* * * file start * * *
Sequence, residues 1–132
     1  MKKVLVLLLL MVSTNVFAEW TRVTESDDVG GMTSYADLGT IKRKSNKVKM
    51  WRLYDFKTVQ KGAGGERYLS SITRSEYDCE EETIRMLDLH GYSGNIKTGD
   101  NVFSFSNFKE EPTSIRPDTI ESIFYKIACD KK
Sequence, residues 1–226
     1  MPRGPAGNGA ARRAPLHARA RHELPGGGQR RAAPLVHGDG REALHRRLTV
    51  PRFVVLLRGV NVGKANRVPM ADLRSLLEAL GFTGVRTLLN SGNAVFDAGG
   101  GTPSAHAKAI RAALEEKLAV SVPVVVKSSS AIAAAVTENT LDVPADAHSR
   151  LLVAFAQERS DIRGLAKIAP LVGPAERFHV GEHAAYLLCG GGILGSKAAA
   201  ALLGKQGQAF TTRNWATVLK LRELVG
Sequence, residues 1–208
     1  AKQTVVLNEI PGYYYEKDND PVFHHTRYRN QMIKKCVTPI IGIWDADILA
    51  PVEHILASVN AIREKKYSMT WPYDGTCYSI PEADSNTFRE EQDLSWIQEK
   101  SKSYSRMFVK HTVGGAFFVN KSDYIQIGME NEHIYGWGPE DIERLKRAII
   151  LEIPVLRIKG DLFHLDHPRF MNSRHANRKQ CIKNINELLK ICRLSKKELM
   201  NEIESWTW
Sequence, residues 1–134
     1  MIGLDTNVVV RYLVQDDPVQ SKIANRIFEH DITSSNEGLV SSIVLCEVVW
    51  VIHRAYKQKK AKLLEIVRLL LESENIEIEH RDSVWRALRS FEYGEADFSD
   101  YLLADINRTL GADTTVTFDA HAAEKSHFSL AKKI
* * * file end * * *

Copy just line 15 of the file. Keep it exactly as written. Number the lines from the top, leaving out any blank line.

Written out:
   151  LEIPVLRIKG DLFHLDHPRF MNSRHANRKQ CIKNINELLK ICRLSKKELM